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One mistake people make is pretending that every choice we make is a hard one with no good answers. Sometimes there are good decisions and bad ones, and we end up making bad ones even when the good ones are obvious. We often see this happen with individuals, it shouldn't be too surprising that this happens with societies as well.

A few years back when I looked at solutions to "cooking this planet" that didn't involve anything that would cause much disruption to most people's lives. The reason we're not solving the problem isn't because of the hard choices we have to make. It's because a few industries that might make less money if we fight climate change try to stop efforts to combat it, politicians who get money from these industries say climate change is a hoax, the public at large is largely too apathetic to remove politicians who don't act, people who oppose all collective action oppose collective action to fight climate change, the media doesn't report on it because it doesn't get ratings, etc.

Could we have everyone's standards are close to the current standards enjoyed by developed countries without destroying the planet? Maybe, maybe not. It's insanely premature to pretend that we know it's impossible. Not only have we not seriously tried to solve the problem, but a large part of the U.S. is actively opposed to even stopping the problem. "There's no solution" is an easy way to absolve us from our failures.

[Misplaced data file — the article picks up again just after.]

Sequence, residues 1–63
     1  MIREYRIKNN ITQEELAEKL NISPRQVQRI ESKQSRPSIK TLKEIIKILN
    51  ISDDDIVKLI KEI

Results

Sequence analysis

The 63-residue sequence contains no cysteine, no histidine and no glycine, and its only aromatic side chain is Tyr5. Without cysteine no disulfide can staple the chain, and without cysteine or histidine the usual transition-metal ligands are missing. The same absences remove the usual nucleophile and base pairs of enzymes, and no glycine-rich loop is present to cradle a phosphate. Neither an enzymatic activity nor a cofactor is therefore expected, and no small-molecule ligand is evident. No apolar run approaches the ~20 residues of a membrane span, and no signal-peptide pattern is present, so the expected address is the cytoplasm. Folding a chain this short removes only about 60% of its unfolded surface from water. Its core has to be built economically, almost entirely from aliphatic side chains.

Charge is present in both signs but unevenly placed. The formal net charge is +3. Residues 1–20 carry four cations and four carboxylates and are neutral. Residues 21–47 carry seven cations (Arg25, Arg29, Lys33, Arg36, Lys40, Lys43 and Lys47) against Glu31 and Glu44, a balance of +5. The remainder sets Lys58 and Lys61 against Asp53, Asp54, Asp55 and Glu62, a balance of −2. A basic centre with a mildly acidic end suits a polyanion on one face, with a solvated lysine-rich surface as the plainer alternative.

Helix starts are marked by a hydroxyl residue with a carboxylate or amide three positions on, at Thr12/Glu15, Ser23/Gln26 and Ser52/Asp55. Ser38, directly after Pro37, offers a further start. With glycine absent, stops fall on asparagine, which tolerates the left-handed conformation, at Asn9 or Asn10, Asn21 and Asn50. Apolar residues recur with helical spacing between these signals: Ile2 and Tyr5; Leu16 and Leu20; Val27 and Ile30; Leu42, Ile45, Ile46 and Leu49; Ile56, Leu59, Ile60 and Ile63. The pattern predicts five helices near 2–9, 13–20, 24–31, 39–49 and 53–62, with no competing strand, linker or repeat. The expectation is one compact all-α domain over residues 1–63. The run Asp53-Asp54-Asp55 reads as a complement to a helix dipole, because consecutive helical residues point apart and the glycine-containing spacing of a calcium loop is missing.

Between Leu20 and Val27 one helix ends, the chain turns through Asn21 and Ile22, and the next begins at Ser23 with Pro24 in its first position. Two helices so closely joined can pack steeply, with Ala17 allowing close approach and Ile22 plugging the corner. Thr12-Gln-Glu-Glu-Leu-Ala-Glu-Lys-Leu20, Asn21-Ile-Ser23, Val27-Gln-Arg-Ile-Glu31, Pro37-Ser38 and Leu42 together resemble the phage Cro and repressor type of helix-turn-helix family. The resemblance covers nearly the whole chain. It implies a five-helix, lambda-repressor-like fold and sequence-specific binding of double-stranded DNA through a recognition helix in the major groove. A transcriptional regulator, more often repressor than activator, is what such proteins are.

Just out of interest, what solutions did you discover that fit those criteria - no large disruption to most peoples lives, but suppressed by industries that stand to lose money? I think the problem is usually more that solutions require both large and disruptive changes to lifestyle and large investment and costs from industry and government...


Could you elaborate? Not cooking the planet requires moving to zero emissions AND taking them negative by a large margin beyond what simply planting forests would do. How csn we do this easily?



> voluntarily switch to a low-carbon, low-oil, low-net water use, low-net-material use economy

What about this is not hugely disruptive to lifestyles and standards of living? Its hardly an 'easy' solution to tell people to give up many modern conveniences or radically change behavior...




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